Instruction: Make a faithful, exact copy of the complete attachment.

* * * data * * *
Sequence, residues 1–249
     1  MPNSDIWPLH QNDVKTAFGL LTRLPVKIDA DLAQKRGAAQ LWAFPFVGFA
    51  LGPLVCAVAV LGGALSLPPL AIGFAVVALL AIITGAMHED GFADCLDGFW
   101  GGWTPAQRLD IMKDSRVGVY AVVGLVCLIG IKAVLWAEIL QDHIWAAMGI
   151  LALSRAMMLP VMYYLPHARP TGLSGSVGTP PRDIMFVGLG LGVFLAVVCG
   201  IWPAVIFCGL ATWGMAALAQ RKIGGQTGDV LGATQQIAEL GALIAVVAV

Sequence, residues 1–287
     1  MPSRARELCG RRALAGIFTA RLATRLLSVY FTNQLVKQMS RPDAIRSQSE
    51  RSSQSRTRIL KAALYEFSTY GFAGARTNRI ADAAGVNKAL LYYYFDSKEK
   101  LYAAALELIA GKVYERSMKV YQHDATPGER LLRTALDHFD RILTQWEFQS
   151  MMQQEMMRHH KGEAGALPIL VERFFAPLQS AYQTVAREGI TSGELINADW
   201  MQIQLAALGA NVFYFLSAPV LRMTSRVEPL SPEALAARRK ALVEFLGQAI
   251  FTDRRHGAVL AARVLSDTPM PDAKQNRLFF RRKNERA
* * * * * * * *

Sequence, residues 1–249
     1  MPNSDIWPLH QNDVKTAFGL LTRLPVKIDA DLAQKRGAAQ LWAFPFVGFA
    51  LGPLVCAVAV LGGALSLPPL AIGFAVVALL AIITGAMHED GFADCLDGFW
   101  GGWTPAQRLD IMKDSRVGVY AVVGLVCLIG IKAVLWAEIL QDHIWAAMGI
   151  LALSRAMMLP VMYYLPHARP TGLSGSVGTP PRDIMFVGLG LGVFLAVVCG
   201  IWPAVIFCGL ATWGMAALAQ RKIGGQTGDV LGATQQIAEL GALIAVVAV

Sequence, residues 1–287
     1  MPSRARELCG RRALAGIFTA RLATRLLSVY FTNQLVKQMS RPDAIRSQSE
    51  RSSQSRTRIL KAALYEFSTY GFAGARTNRI ADAAGVNKAL LYYYFDSKEK
   101  LYAAALELIA GKVYERSMKV YQHDATPGER LLRTALDHFD RILTQWEFQS
   151  MMQQEMMRHH KGEAGALPIL VERFFAPLQS AYQTVAREGI TSGELINADW
   201  MQIQLAALGA NVFYFLSAPV LRMTSRVEPL SPEALAARRK ALVEFLGQAI
   251  FTDRRHGAVL AARVLSDTPM PDAKQNRLFF RRKNERA